Friday, November 29, 2013

Statistics of Violence Against Women and 16 Days of Activism

On December 20, 1993 the United Nations adopted the Declaration on the Elimination of Violence Against Women. Following this declaration the General Assembly designated November 15th as the International Day for the Elimination of Violence Against Women. The United Nations has always sought to bring light to gender equality and the violence perpetuated against women through the Commission on the Status of Women (UNCSW). The Commission met for the fifty-seventh session in March 2013 and stated that though progress has been made since the founding of the organization in 1946 the Commission: “recognizes that women’s poverty and lack of empowerment, as well as their marginalization resulting from their exclusion from social and economic policies and from the benefits of education and sustainable development, can place them at increased risk of violence, and that violence against women impedes the social and economic development of communities and States.”

Alaffia has been working to alleviate poverty and empower women for the past ten years. We are encouraged in our mission when we read statements like these made by the UNCSW. We believe that working towards empowering women can also protect women from violence. We also whole heartily agree that marginalizing women in society damages social and economic development not just for women, but for the entire nation. By providing a fair wage, a safe work environment, and community projects to empower women in West Africa we know we are playing an active role in ending the cycle of violence against women.  We will continue working towards a future free of not just violence against women, but any act that keeps women from being fully engaged both socially and economically.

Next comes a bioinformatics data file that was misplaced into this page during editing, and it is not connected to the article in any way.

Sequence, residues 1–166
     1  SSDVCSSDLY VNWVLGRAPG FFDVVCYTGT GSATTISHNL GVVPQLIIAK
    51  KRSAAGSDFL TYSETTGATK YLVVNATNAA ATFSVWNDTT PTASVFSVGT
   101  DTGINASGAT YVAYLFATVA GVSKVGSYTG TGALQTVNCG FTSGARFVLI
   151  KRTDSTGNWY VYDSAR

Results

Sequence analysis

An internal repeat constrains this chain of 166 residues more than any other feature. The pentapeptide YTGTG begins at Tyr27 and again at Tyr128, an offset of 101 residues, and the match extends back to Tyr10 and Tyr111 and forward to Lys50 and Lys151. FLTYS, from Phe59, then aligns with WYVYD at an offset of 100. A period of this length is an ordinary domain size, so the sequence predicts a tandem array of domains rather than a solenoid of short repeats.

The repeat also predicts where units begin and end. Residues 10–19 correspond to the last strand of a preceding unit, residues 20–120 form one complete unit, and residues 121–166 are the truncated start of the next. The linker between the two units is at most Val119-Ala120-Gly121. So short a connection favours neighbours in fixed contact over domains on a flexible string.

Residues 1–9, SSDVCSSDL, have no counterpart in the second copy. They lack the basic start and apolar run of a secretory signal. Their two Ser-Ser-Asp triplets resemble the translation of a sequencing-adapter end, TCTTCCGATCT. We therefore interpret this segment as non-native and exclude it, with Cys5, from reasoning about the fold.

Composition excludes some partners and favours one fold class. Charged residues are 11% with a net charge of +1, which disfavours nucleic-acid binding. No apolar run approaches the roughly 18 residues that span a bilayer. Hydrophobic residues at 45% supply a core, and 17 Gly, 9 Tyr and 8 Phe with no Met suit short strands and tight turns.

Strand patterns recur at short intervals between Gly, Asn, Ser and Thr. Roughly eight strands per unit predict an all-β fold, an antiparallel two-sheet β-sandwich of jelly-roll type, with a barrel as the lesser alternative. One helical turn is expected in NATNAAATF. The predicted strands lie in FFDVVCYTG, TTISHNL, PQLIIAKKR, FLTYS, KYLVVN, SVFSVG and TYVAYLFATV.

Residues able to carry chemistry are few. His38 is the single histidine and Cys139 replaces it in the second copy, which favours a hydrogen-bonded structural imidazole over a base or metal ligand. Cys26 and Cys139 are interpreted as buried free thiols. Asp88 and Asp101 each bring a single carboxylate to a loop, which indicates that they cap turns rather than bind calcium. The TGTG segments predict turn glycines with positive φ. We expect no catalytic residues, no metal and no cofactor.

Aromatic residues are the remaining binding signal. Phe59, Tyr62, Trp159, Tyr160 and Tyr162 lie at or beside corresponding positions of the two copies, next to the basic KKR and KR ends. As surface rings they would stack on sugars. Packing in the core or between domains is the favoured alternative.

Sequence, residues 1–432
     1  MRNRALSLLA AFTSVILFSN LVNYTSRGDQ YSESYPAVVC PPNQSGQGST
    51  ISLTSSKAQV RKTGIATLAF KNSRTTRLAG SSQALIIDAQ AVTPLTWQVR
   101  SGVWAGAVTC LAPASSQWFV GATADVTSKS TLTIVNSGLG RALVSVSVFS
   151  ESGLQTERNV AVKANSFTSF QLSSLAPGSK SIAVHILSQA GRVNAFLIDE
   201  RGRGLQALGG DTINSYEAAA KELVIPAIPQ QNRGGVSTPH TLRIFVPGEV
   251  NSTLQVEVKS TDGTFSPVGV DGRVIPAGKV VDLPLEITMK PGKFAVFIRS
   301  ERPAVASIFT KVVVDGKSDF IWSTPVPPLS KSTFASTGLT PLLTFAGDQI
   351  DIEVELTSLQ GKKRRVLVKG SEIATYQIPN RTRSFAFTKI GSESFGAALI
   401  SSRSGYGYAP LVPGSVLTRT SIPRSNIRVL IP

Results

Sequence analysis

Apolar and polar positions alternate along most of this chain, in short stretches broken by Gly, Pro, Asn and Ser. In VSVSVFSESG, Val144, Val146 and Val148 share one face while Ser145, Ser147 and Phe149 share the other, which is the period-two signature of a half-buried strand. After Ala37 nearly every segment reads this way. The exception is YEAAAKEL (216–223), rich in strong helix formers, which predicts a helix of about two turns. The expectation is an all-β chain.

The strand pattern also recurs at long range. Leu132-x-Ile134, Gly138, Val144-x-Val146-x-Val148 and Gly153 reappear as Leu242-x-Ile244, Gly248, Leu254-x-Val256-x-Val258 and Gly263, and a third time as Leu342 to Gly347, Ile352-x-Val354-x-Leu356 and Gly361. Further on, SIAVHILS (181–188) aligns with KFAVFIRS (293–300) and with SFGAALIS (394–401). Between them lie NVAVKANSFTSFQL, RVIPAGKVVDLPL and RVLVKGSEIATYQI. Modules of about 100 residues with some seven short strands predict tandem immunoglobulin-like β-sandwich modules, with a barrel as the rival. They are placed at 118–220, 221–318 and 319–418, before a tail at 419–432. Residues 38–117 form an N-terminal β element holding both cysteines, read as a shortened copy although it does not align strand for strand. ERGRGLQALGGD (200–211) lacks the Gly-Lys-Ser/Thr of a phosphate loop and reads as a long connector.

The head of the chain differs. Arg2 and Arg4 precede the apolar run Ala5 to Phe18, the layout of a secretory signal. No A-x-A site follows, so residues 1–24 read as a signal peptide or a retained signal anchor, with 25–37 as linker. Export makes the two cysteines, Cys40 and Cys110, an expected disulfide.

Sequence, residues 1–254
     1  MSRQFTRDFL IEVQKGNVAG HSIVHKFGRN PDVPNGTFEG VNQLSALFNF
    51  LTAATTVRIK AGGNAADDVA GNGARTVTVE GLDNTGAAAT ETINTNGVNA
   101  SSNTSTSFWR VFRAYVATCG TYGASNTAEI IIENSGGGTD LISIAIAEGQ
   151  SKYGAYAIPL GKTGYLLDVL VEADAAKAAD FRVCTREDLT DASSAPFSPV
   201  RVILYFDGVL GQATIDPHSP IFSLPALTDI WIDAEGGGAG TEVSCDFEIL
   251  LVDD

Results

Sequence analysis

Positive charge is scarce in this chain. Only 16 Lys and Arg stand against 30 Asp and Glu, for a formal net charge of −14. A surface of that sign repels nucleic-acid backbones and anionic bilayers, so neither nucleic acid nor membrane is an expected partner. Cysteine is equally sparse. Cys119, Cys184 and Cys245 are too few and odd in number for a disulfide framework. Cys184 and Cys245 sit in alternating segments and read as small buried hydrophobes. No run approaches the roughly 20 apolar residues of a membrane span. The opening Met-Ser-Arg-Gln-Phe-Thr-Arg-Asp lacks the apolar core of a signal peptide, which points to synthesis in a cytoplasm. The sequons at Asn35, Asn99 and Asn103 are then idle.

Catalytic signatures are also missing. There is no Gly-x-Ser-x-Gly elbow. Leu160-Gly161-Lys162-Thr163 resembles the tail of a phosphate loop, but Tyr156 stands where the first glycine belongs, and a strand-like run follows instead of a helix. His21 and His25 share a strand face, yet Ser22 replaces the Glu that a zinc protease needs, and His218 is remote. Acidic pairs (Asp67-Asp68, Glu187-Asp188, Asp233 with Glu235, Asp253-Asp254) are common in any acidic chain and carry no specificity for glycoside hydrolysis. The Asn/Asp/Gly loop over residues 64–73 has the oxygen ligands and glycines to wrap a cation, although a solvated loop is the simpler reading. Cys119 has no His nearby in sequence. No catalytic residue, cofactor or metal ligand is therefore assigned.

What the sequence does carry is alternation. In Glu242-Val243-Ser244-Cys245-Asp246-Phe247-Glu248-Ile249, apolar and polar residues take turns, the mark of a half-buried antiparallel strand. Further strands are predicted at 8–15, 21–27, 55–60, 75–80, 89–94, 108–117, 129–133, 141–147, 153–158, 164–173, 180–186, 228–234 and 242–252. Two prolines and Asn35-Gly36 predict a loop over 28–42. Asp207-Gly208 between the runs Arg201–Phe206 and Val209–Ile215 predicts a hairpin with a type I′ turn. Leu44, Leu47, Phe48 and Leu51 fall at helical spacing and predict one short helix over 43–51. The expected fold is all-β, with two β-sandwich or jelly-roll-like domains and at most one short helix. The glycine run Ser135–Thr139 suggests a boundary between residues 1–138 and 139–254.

To bring awareness to this grave issue, and to honor those who have suffered, Alaffia  has donated hair and beauty products to Olympia’s Safe Place. Safe Place is an advocacy agency that offers a confidential shelter to those who have been a victim of domestic abuse. Over the next several days, Alaffia will observe the United Nation’s 16 Days of Activism Against Gender Violence that leads up to Human Rights Day with stories highlighting how empowerment and fair trade are combating gender violence.